Wet Brine Turkey vs Dry Brine Turkey

By | December 18, 2019

Turkey meat is a popular poultry product, especially in North America where it is traditionally consumed as part of culturally significant events such as Thanksgiving and Christmas, as well as in standard cuisine. Turkey contains more proteins per ounce than any other meat. Turkey is reputed to cause sleepiness, but holiday dinners are commonly large meals served with carbohydrates, fat, and alcohol in a relaxed atmosphere. Turkey are usually baked or roasted in an oven for several hours, often the cook prepares the rest of the meal while cooking the turkey.
Sometimes turkey are brined before roasting to enhance flavor and moisture content. There are two method to brine turkey, they are wet brine turkey and dry brine turkey.

Wet Brine Turkey

Wet brine turkey is the most common and traditional way to season a turkey. Brining is a pretreatments which whole turkey is placed in a salt and water solution called brine. The purpose of brining is to produce a wonderfully moist and well-seasoned turkey. Brining process should be done in the refrigerator or in a cooler with 5 to 6 ice packs to keep the turkey and the brine at 40 degrees or below during the entire process. Brining is easier when we use smaller turkey which weight from 12 to 14 pounds. When making brine, you can use table salt or kosher salt, the crystal kosher salt is preferred since table salt contains additives such as anti-caking ingredients, iodine, and other additives.

To brine turkey first start from the day before you intend to cook the turkey, brining process will took at least a day and night to completely make the turkey completely seasoned. Use a fresh turkey or a frozen one, and clean it inside out, remove the giblet bag and neck. In a large stockpot, dissolve 4 cups kosher salt or 1 cups table salt in 2 gallons cold water. Add 1/2 cup sugar. Stir until the salt and sugar are completely dissolved. Water will look clear not cloudy. Herbs and spices may be added to the brine to enhance the taste. You can add several crushed bay leaves, several sprigs of dried thyme, or other dried herbs, if you want. Place the turkey in the brine solution, breast down. Cover and chill for overnight. Or use the faster method by doubling the salt and sugar and leave it for about 6-8 hours. Remove the turkey from brine, rinse inside and out under cold running water. Pat dry with paper towels. Place on a shallow pan and refrigerate overnight. This will make the skin to dry out so it becomes crisp during roasting. After done brining, preheat the oven to 350 degrees then place the turkey in a shallow roasting pan. Tie the legs together and tuck the wings underneath the turkey. Coat the meat with butter or olive oil. Cover the breast loosely with aluminum foil and add 1 cup of water to the bottom pan. Cooking time will depends on the size of the turkey. Check the wrapper to see how much turkey weighs and determine the approximate cooking time.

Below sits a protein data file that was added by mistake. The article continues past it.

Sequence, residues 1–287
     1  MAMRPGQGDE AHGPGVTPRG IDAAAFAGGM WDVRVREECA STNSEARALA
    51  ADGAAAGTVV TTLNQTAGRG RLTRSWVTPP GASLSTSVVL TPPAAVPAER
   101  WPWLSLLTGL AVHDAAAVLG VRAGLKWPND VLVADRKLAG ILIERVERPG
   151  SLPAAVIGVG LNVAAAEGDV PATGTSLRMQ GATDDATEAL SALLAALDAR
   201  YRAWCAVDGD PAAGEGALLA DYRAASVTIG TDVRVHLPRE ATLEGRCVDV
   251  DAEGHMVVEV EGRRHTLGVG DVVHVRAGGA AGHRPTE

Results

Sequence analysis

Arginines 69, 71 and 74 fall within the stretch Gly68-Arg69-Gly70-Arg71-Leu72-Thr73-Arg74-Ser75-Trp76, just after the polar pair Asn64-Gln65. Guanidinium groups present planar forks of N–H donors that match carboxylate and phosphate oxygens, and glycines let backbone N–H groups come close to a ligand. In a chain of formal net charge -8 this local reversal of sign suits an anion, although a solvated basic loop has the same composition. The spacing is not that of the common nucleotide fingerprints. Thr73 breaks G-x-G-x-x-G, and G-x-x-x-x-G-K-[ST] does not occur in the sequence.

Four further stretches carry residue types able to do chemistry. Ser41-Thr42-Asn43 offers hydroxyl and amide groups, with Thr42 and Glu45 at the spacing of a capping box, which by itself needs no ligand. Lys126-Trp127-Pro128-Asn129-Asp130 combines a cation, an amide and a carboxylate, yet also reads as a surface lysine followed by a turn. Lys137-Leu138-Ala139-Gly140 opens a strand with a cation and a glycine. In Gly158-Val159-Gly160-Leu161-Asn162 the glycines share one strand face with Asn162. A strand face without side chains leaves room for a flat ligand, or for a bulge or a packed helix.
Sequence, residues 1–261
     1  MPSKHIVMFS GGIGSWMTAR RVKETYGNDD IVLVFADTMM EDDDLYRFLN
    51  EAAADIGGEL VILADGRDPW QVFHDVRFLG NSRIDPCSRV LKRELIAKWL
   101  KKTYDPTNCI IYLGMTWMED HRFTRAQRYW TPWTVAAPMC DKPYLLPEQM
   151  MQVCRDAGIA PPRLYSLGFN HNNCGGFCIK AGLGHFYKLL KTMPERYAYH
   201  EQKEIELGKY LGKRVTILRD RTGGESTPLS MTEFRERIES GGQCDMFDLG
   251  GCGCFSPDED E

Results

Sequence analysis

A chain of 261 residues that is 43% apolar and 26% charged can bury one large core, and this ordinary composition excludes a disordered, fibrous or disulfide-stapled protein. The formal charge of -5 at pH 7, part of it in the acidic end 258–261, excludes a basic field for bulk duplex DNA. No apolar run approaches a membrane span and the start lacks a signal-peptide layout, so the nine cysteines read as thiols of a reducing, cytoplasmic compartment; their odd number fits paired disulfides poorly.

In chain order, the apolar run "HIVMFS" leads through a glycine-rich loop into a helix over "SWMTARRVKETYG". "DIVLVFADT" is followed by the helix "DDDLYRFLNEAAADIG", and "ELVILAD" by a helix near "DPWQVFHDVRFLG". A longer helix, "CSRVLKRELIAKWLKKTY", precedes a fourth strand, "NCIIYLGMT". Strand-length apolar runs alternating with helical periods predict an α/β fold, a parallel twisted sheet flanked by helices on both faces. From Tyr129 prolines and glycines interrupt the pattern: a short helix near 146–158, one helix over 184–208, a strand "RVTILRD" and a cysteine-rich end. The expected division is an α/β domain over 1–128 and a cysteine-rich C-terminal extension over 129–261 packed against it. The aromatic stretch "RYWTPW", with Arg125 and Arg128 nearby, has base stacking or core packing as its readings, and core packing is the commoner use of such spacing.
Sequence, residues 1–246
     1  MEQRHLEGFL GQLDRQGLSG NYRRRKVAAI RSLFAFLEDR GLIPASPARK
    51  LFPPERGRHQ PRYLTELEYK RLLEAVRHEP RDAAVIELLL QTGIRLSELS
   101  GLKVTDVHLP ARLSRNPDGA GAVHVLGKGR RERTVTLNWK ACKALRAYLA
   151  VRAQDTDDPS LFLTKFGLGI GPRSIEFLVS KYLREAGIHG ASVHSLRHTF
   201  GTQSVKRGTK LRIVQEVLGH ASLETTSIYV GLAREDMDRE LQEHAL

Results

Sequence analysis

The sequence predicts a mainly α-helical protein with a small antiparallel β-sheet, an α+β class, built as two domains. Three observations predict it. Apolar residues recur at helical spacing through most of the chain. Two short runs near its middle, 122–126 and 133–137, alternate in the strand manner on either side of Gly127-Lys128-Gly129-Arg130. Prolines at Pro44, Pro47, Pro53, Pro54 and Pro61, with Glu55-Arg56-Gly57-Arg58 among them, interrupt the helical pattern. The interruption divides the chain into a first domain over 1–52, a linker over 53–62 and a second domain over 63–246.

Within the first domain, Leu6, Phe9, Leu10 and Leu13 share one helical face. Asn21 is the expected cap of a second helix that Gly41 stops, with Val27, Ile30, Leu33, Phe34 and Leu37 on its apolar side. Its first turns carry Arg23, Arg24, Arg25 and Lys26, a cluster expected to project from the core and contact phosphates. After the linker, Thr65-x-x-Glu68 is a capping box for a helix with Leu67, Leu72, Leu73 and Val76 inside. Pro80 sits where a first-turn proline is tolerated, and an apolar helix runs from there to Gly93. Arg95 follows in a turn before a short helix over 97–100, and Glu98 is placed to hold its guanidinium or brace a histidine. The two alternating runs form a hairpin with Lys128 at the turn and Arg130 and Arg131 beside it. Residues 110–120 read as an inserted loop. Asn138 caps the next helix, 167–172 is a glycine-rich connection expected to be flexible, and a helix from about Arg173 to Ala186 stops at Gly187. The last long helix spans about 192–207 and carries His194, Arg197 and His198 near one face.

Dry Brine Turkey

Dry brine is also called pre-salting, differs from wet brining or traditional brining. Dry brine does not use any water, a dry brine means rubbing the salt, seasoning, and/or sugar directly onto the meat skin, and then letting the meat rest in refrigerator for a period of time. To dry brine, first dry the turkey by patting them with a paper towel, you need to do this dry brining at least a day before you intend to roast the turkey. Remove the giblets and pat the turkey inside out to make sure it is dry. Just as the same as wet brining, use kosher salt instead of table salt. Rub the salt into the turkey directly or for a faster brining, separate the skin and the meat of the turkey then rub them separately. You may also add citrus zest to make it taste fancier. After you done rubbing the salt and spices, place the turkey in a rimmed baking sheet to catch any liquid that drips off the turkey. Leave it for an overnight and don’t rinse it, then you can cook the turkey however you like, whether roasting or baking it. When using dry brine you may want to add a cup or two liquid to your turkey when roasting it, so your turkey won’t get burnt.

Wet Brine TurkeyDry Brine Turkey
- Pre-treatments which whole turkey is placed in a salt and water solution- The process begins by rubbing salt, seasoning, and / or sugar directly into the skin of the flesh
- Wet brining is it consumes pretty much time - Dry brining is it consumes less time
- Texture be a little mushy and it is harder to achieve the brown crust because the turkey becomes too watery- The texture becomes slightly dry and crunchy and brown in color because it does not use much water


The downside of wet brining is it consumes pretty much time. It also make your turkey may taste a little mushy and it is harder to achieve the brown crust because the turkey becomes too watery. While the downside of dry brine is it usually pretty hard to get salt into the every nook of the turkey, the seasoning also not as well absorbed as when using wet brining. Sometimes you might also over salt your turkey. Wet brining or dry brining both have the same purpose which is to make the turkey taste better. But there are also people who do not use brining at all when cooks their turkey, those people said brining the turkey will robbed the natural taste of the meat. In the end it all depends on how you want your turkey to taste after it was cooked.

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